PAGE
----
Sleep deprived from staying up so late providing written feedback, but excited to give them my thoughtful suggestions, I stood at the door, smiling, and enthusiastically welcomed my students into class. What transpired next could not have gone more differently than what I had envisioned. I handed back my students’ work, and even before I could utter how proud I was of them for producing their first draft of the year with as much creativity and passion as they had, one of my students threw her paper on the floor, pushed back her chair, and with a large “humph” sound, buried her head on her desk under her arms. This young lady’s response to receiving her work knocked the wind out of me for a moment. And she wasn’t the only one! Looking around the room, I saw many faces fall, a few students began to well up with tears, and some students tore their papers into confetti sized pieces, scattering them across the floor in their haste to get rid of the revisions. In hindsight, handing back student work without prefacing my takeaways, process for providing feedback, and introducing what we would do with the feedback, was a “rookie” mistake.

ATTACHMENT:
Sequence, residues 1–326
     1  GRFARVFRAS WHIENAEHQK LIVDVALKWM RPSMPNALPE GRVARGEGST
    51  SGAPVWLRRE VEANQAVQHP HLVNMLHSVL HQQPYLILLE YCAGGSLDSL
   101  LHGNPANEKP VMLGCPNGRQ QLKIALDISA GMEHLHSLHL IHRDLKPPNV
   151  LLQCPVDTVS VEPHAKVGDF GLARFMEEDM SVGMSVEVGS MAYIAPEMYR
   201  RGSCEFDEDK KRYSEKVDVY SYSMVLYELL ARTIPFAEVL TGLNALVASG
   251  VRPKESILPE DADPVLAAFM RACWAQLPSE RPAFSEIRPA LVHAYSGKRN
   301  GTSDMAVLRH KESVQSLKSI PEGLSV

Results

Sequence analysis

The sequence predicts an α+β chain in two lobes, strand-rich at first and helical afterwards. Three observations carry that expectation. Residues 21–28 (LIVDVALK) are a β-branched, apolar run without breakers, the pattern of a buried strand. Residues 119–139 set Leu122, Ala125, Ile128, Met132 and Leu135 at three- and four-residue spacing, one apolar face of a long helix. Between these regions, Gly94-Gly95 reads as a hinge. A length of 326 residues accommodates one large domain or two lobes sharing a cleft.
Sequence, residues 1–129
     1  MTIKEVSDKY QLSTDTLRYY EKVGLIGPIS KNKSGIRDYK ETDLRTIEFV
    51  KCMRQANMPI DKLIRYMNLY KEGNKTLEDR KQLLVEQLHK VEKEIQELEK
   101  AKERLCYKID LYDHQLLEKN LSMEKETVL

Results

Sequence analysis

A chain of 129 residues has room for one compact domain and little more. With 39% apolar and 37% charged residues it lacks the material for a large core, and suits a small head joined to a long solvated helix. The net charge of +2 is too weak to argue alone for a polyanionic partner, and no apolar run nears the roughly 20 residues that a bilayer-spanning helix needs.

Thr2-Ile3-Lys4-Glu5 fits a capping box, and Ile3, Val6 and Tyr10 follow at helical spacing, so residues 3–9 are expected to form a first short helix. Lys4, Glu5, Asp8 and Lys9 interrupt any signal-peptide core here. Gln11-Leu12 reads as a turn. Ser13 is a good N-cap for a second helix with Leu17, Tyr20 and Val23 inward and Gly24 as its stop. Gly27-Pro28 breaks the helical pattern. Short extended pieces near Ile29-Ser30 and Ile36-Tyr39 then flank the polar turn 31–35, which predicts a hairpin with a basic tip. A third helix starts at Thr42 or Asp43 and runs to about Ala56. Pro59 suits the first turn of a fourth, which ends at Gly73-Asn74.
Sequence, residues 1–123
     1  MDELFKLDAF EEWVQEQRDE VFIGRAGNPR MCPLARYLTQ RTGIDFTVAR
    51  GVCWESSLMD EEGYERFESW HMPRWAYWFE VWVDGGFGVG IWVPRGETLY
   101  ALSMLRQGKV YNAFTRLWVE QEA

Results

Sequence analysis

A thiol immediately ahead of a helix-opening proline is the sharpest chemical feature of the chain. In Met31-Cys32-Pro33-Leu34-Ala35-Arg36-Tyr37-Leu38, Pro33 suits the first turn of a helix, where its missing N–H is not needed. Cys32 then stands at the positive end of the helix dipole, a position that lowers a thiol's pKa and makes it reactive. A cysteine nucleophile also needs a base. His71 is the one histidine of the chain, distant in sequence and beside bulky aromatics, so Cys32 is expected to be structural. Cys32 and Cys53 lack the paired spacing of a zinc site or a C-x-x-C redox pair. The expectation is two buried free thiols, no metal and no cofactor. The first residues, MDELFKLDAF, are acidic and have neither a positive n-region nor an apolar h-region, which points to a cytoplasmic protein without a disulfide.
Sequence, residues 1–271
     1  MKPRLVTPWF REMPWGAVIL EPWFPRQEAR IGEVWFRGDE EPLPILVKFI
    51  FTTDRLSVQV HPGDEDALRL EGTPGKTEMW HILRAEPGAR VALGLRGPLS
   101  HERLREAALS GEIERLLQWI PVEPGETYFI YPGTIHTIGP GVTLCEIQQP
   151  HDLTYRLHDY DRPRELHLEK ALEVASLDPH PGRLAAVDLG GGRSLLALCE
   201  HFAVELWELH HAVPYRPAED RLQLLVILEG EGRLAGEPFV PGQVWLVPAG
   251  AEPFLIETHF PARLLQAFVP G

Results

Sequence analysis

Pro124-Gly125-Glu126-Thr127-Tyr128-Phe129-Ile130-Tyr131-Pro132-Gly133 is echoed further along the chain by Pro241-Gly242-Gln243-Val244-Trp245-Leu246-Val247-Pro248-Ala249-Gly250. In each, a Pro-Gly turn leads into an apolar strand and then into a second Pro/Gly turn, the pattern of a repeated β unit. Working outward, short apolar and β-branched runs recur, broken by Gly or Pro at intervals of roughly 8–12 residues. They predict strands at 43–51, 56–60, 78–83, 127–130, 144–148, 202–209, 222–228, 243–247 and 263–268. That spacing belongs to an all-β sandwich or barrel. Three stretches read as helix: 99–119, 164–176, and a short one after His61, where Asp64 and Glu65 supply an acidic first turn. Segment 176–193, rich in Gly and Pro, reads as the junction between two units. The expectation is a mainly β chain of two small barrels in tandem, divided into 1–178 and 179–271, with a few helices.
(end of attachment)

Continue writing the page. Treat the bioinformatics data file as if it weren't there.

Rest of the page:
I was confused by their reactions, given that much of what I had written on their papers was positive acknowledgements of what they had done well as writers. When had their relationship with writing gone wrong? Was this developmental? Did they take feedback as a sign that they were poor writers? Did they know how to respond to or implement feedback? Was this my fault? All of these thoughts ran through my mind, as I quickly strategized to salvage the block of time and also their fractured scholarly egos in that moment. I told the students to put their papers in their desks for a moment, asked each of them to look at me, and told them how proud I was of them. I also told them that we all need at least a second set of eyes when we are publishing work. I said something like, “We want the Mayor to respect our voices when he receives our letters and thus, we need to make sure that our voices are as professional and polished as possible.” I told them that we would spend the next day working on revising our work. I told them to read my comments and circle three comments of praise they agreed with and two revision suggestions where they were going to further their work.